Overall, the research found that by August 2016 of the 353 local authorities in England:
- 42% (150 councils) demonstrated compliance, although around one-third of these had missed a key statutory deadline for publishing information and are therefore not fully compliant
- 4% (15 councils) were demonstrating weak compliance (defined as doing the ‘bare minimum’ in their Equality Objectives)
- 50% (178 councils) were not demonstrating observance
- 3% (10 councils) were displaying complete lack of awareness of the legislation
Other key findings include:
- Only 20 councils (6% of the total) had Equality Objectives specifically aimed at LGBT people in 2014/15
- Only one council had set an Equality Objective specifically with regard to trans people
- In relation to the duty to publish information relating to employees and LGBT equalities, there was a decrease in the monitoring of LGBT council employees between 2014 and 2016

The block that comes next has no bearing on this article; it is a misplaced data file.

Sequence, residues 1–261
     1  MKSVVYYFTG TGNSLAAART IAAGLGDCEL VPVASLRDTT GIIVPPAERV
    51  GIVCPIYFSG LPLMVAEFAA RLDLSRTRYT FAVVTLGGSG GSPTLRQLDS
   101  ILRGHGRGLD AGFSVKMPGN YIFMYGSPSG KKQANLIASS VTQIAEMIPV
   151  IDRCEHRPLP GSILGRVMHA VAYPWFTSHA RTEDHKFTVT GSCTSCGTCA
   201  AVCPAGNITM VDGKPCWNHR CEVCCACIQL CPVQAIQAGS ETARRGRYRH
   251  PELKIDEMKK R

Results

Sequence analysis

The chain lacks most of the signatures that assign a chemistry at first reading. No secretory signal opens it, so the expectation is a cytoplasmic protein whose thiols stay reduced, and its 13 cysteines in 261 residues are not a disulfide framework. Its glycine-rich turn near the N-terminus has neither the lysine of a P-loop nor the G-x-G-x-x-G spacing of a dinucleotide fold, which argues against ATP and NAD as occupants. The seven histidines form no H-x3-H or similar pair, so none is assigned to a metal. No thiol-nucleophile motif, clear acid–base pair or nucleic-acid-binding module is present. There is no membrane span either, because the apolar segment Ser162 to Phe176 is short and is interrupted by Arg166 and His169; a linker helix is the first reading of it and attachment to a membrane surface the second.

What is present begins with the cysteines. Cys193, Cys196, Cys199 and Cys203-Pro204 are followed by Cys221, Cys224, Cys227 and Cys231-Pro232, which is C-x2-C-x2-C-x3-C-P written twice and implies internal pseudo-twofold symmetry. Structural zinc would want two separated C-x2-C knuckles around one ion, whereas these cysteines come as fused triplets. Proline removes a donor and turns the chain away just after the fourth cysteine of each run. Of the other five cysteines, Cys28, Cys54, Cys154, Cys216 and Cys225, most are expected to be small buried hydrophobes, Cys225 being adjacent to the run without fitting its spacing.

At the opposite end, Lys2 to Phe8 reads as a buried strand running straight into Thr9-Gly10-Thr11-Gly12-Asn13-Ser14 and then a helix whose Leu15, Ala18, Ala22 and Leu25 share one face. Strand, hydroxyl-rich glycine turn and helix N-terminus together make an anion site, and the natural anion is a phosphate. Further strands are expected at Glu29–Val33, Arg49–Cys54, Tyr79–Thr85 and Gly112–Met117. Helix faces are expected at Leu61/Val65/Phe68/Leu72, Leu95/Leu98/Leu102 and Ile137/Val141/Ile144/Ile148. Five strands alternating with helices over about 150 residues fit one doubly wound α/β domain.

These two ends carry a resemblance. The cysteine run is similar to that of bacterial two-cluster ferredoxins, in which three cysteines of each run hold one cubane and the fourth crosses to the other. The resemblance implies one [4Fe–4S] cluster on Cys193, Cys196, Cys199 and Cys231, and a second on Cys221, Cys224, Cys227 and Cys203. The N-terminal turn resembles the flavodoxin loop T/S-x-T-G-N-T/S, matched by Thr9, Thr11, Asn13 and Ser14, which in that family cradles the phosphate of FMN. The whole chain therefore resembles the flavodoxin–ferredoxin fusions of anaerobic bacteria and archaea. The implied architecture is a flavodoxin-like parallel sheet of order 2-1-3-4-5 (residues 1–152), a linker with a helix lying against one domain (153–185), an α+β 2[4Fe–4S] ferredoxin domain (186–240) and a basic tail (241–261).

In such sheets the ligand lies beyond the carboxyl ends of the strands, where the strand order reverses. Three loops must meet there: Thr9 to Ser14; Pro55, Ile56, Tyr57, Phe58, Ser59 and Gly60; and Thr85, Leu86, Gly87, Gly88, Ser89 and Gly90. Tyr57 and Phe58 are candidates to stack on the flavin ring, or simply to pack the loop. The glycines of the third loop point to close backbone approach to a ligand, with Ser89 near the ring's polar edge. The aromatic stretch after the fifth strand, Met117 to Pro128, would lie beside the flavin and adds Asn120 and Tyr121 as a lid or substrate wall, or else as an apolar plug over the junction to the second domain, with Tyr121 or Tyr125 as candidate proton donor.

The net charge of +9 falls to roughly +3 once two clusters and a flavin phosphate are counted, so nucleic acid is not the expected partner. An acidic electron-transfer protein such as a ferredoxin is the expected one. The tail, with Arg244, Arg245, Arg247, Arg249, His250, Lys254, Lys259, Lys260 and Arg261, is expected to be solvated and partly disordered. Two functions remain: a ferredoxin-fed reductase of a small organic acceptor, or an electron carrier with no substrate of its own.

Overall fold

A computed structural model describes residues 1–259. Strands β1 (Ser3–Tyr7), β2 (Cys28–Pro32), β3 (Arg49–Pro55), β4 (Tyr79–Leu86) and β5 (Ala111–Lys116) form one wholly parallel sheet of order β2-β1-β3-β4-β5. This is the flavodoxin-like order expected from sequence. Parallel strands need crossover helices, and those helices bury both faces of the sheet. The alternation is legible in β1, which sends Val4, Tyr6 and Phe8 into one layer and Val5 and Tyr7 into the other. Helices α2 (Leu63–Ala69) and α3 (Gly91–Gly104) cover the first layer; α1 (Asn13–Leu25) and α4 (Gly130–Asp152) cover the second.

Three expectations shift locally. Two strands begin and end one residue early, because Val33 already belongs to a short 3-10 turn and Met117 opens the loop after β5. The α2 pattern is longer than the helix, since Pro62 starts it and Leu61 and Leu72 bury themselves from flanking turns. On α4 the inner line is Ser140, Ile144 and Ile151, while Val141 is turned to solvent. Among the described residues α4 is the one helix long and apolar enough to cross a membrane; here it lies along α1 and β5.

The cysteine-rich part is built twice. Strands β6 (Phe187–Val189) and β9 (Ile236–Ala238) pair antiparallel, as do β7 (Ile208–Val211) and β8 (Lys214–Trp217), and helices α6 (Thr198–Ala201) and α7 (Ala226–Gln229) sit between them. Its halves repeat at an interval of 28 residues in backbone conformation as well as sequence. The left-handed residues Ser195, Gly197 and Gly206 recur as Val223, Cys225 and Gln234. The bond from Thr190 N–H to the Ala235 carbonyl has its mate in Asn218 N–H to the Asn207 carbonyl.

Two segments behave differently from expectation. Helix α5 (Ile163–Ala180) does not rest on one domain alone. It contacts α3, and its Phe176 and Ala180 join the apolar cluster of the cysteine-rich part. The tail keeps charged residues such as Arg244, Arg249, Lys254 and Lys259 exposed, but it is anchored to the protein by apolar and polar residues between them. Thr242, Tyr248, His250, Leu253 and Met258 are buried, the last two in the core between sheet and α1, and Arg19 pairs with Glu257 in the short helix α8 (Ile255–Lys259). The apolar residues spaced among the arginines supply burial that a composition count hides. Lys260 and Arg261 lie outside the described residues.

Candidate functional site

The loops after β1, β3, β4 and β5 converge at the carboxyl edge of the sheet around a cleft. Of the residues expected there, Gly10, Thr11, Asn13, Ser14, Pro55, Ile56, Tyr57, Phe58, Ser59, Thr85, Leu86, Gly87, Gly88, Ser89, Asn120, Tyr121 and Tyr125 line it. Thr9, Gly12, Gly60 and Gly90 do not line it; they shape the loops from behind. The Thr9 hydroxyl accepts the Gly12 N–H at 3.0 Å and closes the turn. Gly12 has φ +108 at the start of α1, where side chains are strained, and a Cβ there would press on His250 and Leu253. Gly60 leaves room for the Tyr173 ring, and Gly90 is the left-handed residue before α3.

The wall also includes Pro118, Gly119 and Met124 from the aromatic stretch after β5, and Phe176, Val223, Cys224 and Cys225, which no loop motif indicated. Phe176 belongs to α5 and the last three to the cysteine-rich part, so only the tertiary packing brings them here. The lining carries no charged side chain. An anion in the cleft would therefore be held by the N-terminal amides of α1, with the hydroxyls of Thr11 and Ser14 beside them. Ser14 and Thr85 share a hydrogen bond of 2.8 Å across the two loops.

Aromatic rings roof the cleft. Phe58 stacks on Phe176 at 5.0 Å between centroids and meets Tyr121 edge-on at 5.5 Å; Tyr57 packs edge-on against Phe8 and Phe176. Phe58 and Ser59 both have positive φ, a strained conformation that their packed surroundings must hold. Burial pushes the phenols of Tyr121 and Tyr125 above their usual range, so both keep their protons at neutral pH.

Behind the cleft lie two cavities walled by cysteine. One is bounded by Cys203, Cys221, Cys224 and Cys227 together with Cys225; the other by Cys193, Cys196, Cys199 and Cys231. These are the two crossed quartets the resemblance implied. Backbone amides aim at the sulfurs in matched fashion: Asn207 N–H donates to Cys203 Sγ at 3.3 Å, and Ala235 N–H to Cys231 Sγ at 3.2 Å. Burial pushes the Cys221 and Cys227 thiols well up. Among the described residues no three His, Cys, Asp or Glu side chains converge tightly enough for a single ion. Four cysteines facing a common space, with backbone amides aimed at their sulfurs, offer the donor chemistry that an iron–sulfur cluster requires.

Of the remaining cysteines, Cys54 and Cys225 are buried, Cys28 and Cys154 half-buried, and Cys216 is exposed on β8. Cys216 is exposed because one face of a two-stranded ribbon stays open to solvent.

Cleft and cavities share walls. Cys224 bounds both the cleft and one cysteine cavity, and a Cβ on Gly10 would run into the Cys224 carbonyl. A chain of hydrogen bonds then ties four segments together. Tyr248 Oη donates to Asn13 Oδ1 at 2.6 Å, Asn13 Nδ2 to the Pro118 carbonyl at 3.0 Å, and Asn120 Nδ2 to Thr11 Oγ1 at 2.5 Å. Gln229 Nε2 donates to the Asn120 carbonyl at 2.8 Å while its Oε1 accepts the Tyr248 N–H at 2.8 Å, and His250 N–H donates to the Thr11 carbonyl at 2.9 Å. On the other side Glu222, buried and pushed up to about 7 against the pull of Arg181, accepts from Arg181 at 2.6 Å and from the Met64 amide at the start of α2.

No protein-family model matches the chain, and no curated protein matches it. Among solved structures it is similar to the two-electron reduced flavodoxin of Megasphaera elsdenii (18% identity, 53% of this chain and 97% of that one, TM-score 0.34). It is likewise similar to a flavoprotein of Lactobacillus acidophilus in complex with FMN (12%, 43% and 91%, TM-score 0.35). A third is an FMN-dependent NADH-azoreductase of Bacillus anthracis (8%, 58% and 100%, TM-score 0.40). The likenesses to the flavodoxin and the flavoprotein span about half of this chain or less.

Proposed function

Commenting on the research findings, Professor Kath Browne, Principal Investigator for the research project, said: “It is clear that there are issues with local authorities’ compliance with the Equality Act 2010 and it is a cause for concern that compliance with this legislation appears to have declined.
“Whilst some local authorities noted that austerity has been a contributory factor, with budget cuts having an impact on equalities work, others seem to be more focused on justifying what they are not required to do under the legislation. Despite this, 10% of local councils were able to be more compliant.
“Many local authorities are doing good work in relation to LGBT equality – including, ironically, some who do not demonstrate observance with the legislation. But it is clear that those councils who do demonstrate compliance are doing more meaningful things.
“It is particularly interesting to see that more local authorities promote same-sex marriage – even though there is no legal obligation to do so – than undertake LGBT-specific equality work.”